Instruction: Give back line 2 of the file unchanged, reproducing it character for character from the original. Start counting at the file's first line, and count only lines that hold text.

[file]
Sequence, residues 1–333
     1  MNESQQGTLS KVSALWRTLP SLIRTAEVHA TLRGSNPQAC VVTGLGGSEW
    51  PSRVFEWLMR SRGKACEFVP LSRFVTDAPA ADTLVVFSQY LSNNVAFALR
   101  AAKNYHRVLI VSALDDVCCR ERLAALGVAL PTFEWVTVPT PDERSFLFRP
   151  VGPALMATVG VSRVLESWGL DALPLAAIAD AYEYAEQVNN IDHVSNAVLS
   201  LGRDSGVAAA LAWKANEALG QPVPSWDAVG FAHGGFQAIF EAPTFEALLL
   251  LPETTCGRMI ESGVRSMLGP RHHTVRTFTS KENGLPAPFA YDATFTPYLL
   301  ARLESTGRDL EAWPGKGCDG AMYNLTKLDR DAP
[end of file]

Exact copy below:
     1  MNESQQGTLS KVSALWRTLP SLIRTAEVHA TLRGSNPQAC VVTGLGGSEW